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How to be a great (CS) teacher from Andy Ko

ComputingEd - Mon, 05/29/2017 - 07:00

Andy Ko from U-W is giving a talk to new faculty about how to be a great CS teacher.  I only quote three of his points below — I encourage you to read the whole list.  Andy’s talk could usefully add some of the points from Cynthia Lee’s list on how to create a more inclusive environment in CS.  CS is far less diverse than any other STEM discipline.  Being a great CS teacher means that you’re aware of that and take steps to improve diversity in CS.

My argument is as follows:

  • Despite widespread belief among CS faculty in a “geek gene”, everyone can learn computer science.
  • If students are failing a CS class, it’s because of one or more of the following: 1) they didn’t have the prior knowledge you expected them to have, 2) they aren’t sufficiently motivated by you or themselves, 3) your class lacks sufficient practice to help them learn what you’re teaching. Corollary: just because they’re passing you’re class doesn’t mean you’re doing a great job teaching: they may already know everything you’re teaching, they may be incredibly motivated, they may be finding other ways to practice you aren’t aware of, or they may be cheating.
  • To prevent failure, one must design deliberate practice, which consists of: 1) sustained motivation, 2) tasks that build on individual’s prior knowledge, 3) immediate personalized feedback on those tasks, and 4) repetition.

Source: How to be a great (CS) teacher – Bits and Behavior – Medium


Tagged: BPC, computing education, NCWIT, research university, teachers, university CS

NSF Proposal and Award Policy Newsletter - May/June 2017

News From NSF - Sat, 05/27/2017 - 10:25

Available Formats:
PDF: https://www.nsf.gov/pubs/2017/nsf17084/nsf17084.pdf?WT.mc_id=USNSF_179

Document Number: nsf17084


This is an NSF Publications item.

Jean Sammet passes away at age 89

ComputingEd - Fri, 05/26/2017 - 07:00

Jean Sammet passed away on May 21, 2017 at the age of 88. (Thanks to John Impagliazzo for passing on word on the SIGCSE-members list.)  Valerie Barr, who has been mentioned several times in this blog, was just named the first Jean E. Sammet chair of computer science at Mount Holyoke.  I never met Jean, but knew her from her work on the history of programming languages which are among the most fun CS books I own.

Sammet

GILLIAN: I remember my high school math teacher saying that an actuary was a stable, high-paying job. Did you view it that way?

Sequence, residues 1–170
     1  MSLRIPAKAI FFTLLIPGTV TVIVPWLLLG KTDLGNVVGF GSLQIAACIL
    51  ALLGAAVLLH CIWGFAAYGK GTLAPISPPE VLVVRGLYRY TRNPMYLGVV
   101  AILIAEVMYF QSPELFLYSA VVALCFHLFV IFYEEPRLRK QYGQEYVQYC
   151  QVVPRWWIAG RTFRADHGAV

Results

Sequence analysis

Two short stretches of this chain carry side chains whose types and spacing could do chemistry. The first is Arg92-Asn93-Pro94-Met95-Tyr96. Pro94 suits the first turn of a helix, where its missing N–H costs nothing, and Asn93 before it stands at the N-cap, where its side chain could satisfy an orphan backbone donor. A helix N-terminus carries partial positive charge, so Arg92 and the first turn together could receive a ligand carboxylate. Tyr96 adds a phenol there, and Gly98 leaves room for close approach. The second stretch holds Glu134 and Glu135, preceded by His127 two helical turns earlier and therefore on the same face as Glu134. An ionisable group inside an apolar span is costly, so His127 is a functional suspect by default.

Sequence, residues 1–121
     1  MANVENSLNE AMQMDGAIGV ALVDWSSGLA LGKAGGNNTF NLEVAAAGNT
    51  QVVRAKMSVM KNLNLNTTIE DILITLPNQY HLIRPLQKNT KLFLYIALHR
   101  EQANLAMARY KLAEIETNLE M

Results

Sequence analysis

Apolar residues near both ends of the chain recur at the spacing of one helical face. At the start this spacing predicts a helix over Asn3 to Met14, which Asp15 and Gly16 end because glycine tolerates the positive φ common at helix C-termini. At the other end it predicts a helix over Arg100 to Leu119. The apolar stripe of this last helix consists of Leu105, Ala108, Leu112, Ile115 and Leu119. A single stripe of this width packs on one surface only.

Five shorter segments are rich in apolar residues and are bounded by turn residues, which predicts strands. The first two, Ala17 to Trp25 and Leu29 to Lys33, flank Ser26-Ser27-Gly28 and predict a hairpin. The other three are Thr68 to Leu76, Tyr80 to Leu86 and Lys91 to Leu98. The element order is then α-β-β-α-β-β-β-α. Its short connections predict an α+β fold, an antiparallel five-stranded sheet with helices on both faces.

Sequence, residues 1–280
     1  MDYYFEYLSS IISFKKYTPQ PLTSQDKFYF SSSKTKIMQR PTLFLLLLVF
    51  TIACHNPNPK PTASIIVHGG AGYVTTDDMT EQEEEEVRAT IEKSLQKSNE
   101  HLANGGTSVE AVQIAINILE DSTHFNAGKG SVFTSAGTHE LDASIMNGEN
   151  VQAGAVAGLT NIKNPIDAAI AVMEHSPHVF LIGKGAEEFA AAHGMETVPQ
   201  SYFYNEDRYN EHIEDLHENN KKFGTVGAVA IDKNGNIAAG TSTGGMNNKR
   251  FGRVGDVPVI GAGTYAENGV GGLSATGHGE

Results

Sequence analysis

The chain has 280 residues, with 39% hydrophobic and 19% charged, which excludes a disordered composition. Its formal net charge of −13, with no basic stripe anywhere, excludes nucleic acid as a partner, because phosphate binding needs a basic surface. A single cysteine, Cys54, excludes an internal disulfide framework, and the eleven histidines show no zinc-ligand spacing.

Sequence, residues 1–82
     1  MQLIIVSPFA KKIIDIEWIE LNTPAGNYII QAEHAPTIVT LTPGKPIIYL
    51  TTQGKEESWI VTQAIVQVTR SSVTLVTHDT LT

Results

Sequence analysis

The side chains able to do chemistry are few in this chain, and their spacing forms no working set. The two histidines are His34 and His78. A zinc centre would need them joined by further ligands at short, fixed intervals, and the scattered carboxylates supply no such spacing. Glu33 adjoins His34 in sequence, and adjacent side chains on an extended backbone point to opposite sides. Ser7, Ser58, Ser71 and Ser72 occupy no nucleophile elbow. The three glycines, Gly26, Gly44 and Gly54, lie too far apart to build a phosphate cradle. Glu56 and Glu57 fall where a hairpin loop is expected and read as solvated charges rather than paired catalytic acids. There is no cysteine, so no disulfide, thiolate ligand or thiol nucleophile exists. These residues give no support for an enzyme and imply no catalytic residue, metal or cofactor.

JEAN: No. I was looking in The New York Times for jobs for women—when I tell younger people that the want ads were once separated by gender, they’re shocked—and actuary was one of the few listed that wasn’t housekeeping or nursing, so I went.Sammet found her way to Sperry. “Everything from there, for quite a while, was self-learned,” she says. “There were no books, courses, or conferences that I was aware of.” For her next move she applied to be an engineer at Sylvania Electric Products—though the job was again listed for men.

Source: Gillian Jacobs Interviews Computer Programmer Jean E. Sammet | Glamour


Tagged: BPC, NCWIT, programming languages, women in computing, women in IT

In a drought, over-irrigated lawns lose 70 billion gallons of water a year

News From NSF - Wed, 05/24/2017 - 10:00

In the summer of 2010, Los Angeles lost about 100 gallons of water per person per day to the atmosphere through evaporation, mostly from overwatering of lawns and trees.

Lawns accounted for 70 percent of the water loss, while trees accounted for 30 percent, according to a study published today in the journal Water Resources Research. The research was funded by the National Science Foundation (NSF) and conducted by Diane Pataki and Elizaveta Litvak of the University of ...

More at https://www.nsf.gov/news/news_summ.jsp?cntn_id=241970&WT.mc_id=USNSF_51&WT.mc_ev=click


This is an NSF News item.

How do we create cyberattack defenders?

ComputingEd - Wed, 05/24/2017 - 07:00

 

Roger Schank (famous AI and cognitive science researcher, the guy who coined the term “learning sciences”) is putting his expertise to the task of creating cyberattack defenders.  The description of his process (linked below) is interesting.  It has all the hallmarks of his work — innovative, informed by research, driven by concrete tasks.  Notice the strong claim that I quoted below.  We shouldn’t be aiming for general cyber attack defense skills.  These skills are going to be industry-by-industry specific.  He’s directly informed by the research that suggests that these skills are unlikely to generalize.

One of the big questions is: where are we going to get the students?  How do we recruit students into this kind of program?

How can we help? The cyber attack course Socratic Arts is building for the DOD will be modified to make the projects specific to particular industries. The banks’ problems are obvious: hackers might want to steal money. Pharma’s problems are obvious: hackers might want to steal secrets. We intend to put out versions of our cyber attack course for each industry. These courses will take 6 months for a student to complete. We are not interested in giving an overview in the typical one week course that is no more than an intro. We want to train real cyber attackers who can help. The only way to learn is by practice (with advice). That’s how you learn to ride a bike and that’s how you learn to do anything.

Source: Cyber Attack Academy


Tagged: cyber security education, cybersecurity, learning sciences

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